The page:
Capitals' Ovechkin has advice for Penguins' Malkin during goal drought

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WASHINGTON - If anyone can empathize with Evgeni Malkin's goal-scoring struggles, it's Alex Ovechkin.

Before revitalizing his career with a switch to right wing, the Washington Capitals captain saw his production fall as defences and coaches around the league figured him out. What the Pittsburgh Penguins centre is dealing is so far only contained to the early part of this season: No goals in his past 14 games and just three total.

Ovechkin has watched a couple of Penguins games and believes his fellow countryman is doing fine.

"He controls the puck well, he makes good decisions with the puck," Ovechkin said Wednesday. "Of course he wants to score a goal, but just like what I did, I (was) just working hard. Of course it's frustrating, of course you start thinking and thinking more and more about it. But you just have to relax and forget about it."

Ovechkin went through the first two months of the lockout-shortened 2013 season in a similar slump. He had just nine goals in his first 25 games, and that's with a hat trick thrown in.

By March the transition from left to right wing was complete and when the goals weren't coming, Ovechkin and Washington coach Adam Oates kept insisting that the star was getting his chances. Oates sees similarities in what Malkin's going through, saying the Capitals must ignore the idea that he's in a funk.

"He gets two helpers every night, he gets five chances every night and hits a couple posts," Oates said. "But he's also passed on some goal opportunities that created goals. Trust me, we're not thinking about him in terms of scoring or not scoring, we're worried about the player."

In his career against the Capitals going into Wednesday night's game at Verizon Center, Malkin has nine goals and 25 assists in 22 games.

But for the most part Malkin is used to scoring. Ovechkin eventually got his touch back and has 40 goals in his past 42 games.

"It's situation when you score goals, when you make assists, when your name on the score list, of course everybody thinks like you're back," Ovechkin said. "But sometimes you don't have a great game but you get points and everybody thinks you played well. But sometimes you have to see in different positions when you didn't score goals but you work hard, make different plays for your teammates. It's more than the goals."

Oates isn't in the business of giving former Anaheim Mighty Ducks teammate and Penguins coach Dan Bylsma any advice, but he's on the same wave length as Ovechkin when it comes to Malkin.

"If you keep doing the right things, you will get your chances," he said. "It'll happen. There's no other way to skin it. He's a great hockey player. He's got 20 points, it's not like he's not doing anything."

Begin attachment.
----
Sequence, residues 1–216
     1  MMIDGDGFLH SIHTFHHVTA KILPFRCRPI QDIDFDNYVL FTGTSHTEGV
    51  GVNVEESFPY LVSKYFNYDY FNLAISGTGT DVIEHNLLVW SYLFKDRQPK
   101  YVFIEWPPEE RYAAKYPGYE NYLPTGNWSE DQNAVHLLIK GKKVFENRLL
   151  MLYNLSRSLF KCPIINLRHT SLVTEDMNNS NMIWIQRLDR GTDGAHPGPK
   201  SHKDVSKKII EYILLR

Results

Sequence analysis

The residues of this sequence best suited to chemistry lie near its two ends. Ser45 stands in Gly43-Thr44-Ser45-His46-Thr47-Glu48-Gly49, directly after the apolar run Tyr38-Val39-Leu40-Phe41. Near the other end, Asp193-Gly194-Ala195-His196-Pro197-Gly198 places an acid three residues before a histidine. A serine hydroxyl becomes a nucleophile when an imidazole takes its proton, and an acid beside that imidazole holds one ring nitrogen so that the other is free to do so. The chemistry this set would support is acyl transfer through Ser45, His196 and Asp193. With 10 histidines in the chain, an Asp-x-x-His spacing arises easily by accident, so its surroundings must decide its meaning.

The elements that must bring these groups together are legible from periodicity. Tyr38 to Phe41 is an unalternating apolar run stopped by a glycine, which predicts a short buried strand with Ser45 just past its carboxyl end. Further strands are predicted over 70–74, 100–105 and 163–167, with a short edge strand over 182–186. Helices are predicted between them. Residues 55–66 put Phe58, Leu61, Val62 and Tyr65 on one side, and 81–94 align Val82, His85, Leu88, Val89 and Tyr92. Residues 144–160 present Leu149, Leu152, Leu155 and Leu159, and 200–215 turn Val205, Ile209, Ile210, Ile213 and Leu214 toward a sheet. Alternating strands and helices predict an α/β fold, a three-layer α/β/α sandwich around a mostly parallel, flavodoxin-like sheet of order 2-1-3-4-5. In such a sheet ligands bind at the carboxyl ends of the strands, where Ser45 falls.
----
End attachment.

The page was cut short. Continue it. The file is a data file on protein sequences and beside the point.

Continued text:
Capitals defenceman Mike Green will miss Wednesday night's game against the Penguins, his third straight, with a lower-body contusion.

"You know what? Not ready," Oates said. "Not a hundred per cent ready. He could go. It's a really good team, and don't want to put him in a position where he is maybe behind the 8-ball a little bit."

Veteran Tyson Strachan continues to fill Green's spot in the lineup, while potential U.S. Olympic candidate John Carlson mans the point on Washington's top power-play unit.

Oates did not rule out Green returning Friday night when the Capitals host the Montreal Canadiens. He also said there was no concern about the 28-year-old Calgary native playing back-to-back, because the Capitals travel to Toronto to face the Maple Leafs on Saturday night.

"If a player's ready, he'll go," Oates said.


As the face of the NHL, Sidney Crosby is plenty popular around North America and well beyond Pittsburgh. But he's also the villain in places like Washington, Philadelphia and New York.

It's the kind of dual role that Crosby has had to adjust to.

"I don't think I worry about it too much, to be honest," he said. "I think that you go into a road building and you expect it to be pretty intense and that it'll be hard on you. But you definitely mentally have to get up for that. ... That's a part of playing the game and part of what you get excited for is those challenges."

Bylsma remembers fans with pacifiers and the different things Crosby has been on the receiving end of over the years. He also knows what that does to his captain.

"He produces when they're chanting his name or saying he stinks or whatever they yell," Bylsma said. "He seems to rise to the occasion when that's the case. When I see it, I think they're in trouble. It's not like getting booed at home, it's not like getting jeered by your home fans. I think there's certainly a motivating and a reward factor by Sid hearing those jeers and going after it. It seems like he always comes out on the positive side when the crowd gets its worst."


Penguins winger Chris Kunitz said the crowd at Verizon Center in Washington "has a certain loudness to it that makes it a fun building to play in." It's not so fun when the noise is overpowering for opponents.

Bylsma said it's in the top three among intimidating places to play, perhaps second behind Bell Centre in Montreal. His most vivid memory is from the Penguins-Capitals Eastern Conference semifinal series in 2009.

"My picture really is Ovechkin scoring the third goal in '09 in that Game 5, I believe, and the place really just rocking, shaking—literally shaking," he said. "This is a formidable place to play."



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